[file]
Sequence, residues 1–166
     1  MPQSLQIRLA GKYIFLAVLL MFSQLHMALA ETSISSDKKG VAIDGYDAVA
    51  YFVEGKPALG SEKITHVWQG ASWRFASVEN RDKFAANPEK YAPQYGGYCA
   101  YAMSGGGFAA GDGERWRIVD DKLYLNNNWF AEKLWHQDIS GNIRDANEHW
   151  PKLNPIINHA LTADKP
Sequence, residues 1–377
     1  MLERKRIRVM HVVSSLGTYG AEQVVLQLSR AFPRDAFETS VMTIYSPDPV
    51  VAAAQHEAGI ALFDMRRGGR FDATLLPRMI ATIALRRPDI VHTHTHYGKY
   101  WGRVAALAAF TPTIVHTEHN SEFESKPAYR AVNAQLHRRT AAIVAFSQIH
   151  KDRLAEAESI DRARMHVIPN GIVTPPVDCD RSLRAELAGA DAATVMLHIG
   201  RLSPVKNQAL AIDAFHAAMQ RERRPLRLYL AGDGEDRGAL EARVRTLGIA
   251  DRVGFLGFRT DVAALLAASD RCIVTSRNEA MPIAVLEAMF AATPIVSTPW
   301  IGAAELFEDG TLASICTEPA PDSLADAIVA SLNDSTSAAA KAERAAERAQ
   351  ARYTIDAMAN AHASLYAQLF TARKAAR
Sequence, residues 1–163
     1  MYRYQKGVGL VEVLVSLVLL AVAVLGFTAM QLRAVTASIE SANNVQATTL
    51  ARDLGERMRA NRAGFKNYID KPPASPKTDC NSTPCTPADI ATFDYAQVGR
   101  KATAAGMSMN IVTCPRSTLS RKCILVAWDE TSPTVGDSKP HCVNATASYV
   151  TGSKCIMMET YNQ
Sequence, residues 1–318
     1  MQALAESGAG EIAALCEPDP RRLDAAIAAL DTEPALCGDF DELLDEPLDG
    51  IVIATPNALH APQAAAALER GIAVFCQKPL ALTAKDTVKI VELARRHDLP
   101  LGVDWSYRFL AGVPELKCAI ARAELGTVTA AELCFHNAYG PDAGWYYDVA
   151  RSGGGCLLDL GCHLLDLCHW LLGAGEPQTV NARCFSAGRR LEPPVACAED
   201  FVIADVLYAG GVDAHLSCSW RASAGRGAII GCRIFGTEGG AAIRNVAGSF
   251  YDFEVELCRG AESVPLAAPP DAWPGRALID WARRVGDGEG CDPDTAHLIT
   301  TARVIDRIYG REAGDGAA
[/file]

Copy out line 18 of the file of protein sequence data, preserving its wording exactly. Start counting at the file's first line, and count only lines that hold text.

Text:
   101  KATAAGMSMN IVTCPRSTLS RKCILVAWDE TSPTVGDSKP HCVNATASYV